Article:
Company wants to introduce kids to AI early

Roozbeh Aliabadi, CEO, ReadyAI

Roozbeh Aliabadi, CEO, ReadyAI

The STEM movement advocates moving away from segmented content areas, emphasizing technology to connect the subjects, and relating teaching to the outside world. Today, a Pittsburgh startup wants to do the same for a subset of technology—artificial intelligence.

We spoke to Roozbeh Aliabadi about his company, ReadyAI, which is developing software and programs to help younger students learn AI so they can be prepared for the careers of the future.

How did the idea for the company come about?

Aliabadi: My partner, Andrew Chen, and I knew there was a space in artificial intelligence and education which hadn’t really been captured, at least not in the U.S. Our first conversation about it actually happened on the campus of Carnegie Mellon University with at-the-time the dean of the computer science school, Andrew Moore. He came to me and said, ‘We [meaning Carnegie Mellon, MIT, and others] have a problem.’

What was the problem?

Aliabadi: If you look at AI programs at the undergraduate level, it’s a boy’s club. Moore said that we don’t want to distribute this priesthood of robotics and computer scientists to just white men in white lab coats. That was kind of the moment when we decided to develop and build ReadyAI in order to just solely focus on AI education in kindergarten through 12th grade.

Your first product was ‘AI in a Box.’ What is its purpose?

Aliabadi: The idea of AI in a box was to really kind of demystify AI to say, ‘Hey, listen, you can unbox it and learn about it. It’s not going to be this very difficult thing where you have to have a Bachelor’s or Master’s in Computer Science in order to begin to even think about it as a subcategory of computer science.’ The idea was that when a student opens up the box, he or she can learn basic AI concepts by going through lesson plans with a teacher. The lesson plans come out of a National Science Foundation funded program called AI4K12. The idea behind that was to come up with five big ideas, from computer vision to Object Relational representation to machine learning to societal impact, and teach kids about these concepts.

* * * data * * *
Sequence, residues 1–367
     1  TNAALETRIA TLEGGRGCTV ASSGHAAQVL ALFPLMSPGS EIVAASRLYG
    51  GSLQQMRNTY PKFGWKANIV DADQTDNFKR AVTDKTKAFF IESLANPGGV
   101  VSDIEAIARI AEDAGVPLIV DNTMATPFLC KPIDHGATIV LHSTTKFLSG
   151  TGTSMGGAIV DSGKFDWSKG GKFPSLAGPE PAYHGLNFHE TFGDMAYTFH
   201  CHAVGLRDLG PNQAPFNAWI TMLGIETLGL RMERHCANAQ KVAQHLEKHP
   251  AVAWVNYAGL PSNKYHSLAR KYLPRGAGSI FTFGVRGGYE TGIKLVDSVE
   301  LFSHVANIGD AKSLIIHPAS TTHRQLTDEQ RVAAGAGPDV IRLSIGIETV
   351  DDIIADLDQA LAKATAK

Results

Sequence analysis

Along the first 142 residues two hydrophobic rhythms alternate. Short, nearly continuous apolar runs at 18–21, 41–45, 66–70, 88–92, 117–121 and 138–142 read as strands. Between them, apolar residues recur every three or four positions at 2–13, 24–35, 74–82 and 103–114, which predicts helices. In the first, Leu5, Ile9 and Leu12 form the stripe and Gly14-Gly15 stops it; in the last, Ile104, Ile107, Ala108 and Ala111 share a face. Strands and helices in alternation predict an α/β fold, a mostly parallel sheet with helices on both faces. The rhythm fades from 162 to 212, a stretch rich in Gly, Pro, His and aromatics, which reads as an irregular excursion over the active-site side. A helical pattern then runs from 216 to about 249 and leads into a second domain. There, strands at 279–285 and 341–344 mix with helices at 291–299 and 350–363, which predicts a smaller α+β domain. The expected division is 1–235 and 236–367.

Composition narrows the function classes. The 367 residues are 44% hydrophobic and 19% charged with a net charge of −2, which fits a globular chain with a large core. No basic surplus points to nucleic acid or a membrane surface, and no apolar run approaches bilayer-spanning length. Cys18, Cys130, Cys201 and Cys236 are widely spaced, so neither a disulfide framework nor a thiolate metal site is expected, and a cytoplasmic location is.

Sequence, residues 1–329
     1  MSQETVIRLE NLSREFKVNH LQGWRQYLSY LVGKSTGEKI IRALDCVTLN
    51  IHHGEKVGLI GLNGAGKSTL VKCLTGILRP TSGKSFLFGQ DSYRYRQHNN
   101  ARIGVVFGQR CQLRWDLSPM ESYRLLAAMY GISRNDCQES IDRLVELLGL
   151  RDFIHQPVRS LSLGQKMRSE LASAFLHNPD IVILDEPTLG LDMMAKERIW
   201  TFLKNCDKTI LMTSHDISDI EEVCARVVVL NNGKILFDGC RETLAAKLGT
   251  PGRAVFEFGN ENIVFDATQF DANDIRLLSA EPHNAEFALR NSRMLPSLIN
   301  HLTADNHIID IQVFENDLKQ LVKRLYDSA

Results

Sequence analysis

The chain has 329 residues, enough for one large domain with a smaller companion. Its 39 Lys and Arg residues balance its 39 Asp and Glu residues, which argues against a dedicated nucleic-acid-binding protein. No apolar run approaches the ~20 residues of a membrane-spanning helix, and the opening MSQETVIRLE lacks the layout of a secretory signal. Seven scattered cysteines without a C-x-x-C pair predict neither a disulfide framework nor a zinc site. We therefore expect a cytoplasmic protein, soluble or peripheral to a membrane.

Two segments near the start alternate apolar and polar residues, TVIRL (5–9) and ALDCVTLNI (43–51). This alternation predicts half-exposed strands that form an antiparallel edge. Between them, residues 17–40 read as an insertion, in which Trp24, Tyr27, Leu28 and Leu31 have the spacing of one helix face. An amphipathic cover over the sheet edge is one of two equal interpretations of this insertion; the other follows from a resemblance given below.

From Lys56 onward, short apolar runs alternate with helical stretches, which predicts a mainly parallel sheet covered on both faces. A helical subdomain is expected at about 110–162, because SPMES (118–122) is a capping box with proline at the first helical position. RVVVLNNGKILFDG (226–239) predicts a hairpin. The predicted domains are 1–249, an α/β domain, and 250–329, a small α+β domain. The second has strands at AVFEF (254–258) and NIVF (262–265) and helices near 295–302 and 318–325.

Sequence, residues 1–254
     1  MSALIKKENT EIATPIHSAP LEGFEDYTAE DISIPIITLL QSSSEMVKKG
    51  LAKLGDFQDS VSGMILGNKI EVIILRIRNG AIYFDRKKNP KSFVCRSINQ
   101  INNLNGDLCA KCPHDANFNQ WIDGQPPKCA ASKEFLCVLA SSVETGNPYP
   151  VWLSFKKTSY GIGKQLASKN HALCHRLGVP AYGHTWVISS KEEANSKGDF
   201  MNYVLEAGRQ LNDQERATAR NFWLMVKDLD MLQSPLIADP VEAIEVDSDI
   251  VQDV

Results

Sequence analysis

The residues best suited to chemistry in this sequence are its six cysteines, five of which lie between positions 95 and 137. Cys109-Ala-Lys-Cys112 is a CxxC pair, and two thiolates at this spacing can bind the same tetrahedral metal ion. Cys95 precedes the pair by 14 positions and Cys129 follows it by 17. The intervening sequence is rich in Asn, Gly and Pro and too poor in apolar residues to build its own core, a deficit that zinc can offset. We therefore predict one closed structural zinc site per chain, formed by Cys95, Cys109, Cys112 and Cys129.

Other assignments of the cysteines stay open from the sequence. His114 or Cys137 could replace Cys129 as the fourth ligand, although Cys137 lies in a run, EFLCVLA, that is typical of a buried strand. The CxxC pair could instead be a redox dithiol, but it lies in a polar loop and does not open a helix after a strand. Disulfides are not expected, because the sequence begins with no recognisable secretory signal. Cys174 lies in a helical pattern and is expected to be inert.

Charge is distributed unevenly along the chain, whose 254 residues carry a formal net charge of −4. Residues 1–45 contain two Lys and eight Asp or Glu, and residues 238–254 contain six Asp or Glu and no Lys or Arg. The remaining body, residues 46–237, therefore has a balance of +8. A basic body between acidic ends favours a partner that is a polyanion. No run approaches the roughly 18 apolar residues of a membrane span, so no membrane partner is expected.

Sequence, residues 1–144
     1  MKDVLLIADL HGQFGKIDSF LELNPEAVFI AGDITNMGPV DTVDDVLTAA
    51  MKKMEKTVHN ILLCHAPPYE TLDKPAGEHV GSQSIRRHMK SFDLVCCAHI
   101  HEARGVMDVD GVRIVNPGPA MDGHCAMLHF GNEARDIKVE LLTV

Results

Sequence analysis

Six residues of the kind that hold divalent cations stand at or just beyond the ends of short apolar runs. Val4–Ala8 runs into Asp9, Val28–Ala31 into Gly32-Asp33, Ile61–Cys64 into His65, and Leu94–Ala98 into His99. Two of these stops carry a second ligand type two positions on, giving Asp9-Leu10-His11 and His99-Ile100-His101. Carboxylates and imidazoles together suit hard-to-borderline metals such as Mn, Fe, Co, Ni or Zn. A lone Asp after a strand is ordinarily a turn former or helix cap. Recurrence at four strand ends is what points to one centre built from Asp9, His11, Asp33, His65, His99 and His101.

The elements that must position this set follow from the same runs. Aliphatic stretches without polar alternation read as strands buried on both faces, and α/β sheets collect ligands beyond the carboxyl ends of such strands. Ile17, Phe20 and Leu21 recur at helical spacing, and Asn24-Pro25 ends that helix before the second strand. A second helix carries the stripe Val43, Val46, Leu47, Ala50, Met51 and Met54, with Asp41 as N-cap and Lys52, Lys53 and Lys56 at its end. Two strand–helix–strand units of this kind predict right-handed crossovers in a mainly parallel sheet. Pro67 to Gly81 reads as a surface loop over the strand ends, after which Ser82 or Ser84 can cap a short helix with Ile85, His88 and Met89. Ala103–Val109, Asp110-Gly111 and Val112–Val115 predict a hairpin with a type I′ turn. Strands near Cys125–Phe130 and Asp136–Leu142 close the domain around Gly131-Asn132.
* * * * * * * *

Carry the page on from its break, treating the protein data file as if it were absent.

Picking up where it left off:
How did you develop the relationships that you needed with school systems to roll it out?

Aliabadi: Before teaching kids about AI, you have to win their hearts and minds. (I was in the U.S. Army for about eight years in The Society for Industrial Organizational Psychology–SIOP and that’s where I learned the concept.) We started with reducing the intimidation factor. Before going to schools, we started a platform called WAICY, which stands for World Artificial Intelligence Competition. It was during the summer and we ran a few workshops to teach kids in a week the basics of AI and let them compete through project-based learning or inquiry-based learning.

Once kids started competing, the schools came to us and said, ‘Wait a second. What’s going on here that you have a lot of girls actually competing? What has happened, what is different?’ I think that was kind of the one that schools came to us so we were not really going after the schools.

What’s one of the biggest obstacles you face?

Aliabadi: We’ve seen a lot of advancements in robotics and AI, but education always comes last. One of the problems in the market is we don’t have very good intelligent education robots at consumer-level prices that can be afforded by school districts.

What are the biggest advantages of launching ReadyAI in Pittsburgh?

Aliabadi: One of the biggest advantages for me was a community. Pittsburgh is a very education-focused city. We have innovative school districts in the outskirts of Pittsburgh. I have to give a lot of credit to their former Director of Technology, Dr. Justin Aglio. He was the first person that actually implemented the pure AI curriculum in the country. I have to give a lot of credit at the state level. We have seen a lot of bipartisan support in Harrisburg when it comes down to STEM education and readiness factors. We saw schools getting funding and attracting what they need in the field.

The other thing is institutions. Once you enter Pittsburgh, you realize that it’s doing some really great things and producing a lot of good talent that can be used around the world. Don’t take my word for it, look it up. The top companies in the world–Uber, Facebook, and Google–all have enormous engineering branches in Pittsburgh.

Lastly, Pittsburgh is an ideal place to teach kids about AI because they can go to the street and actually see fully autonomous vehicles being used, navigating throughout the city.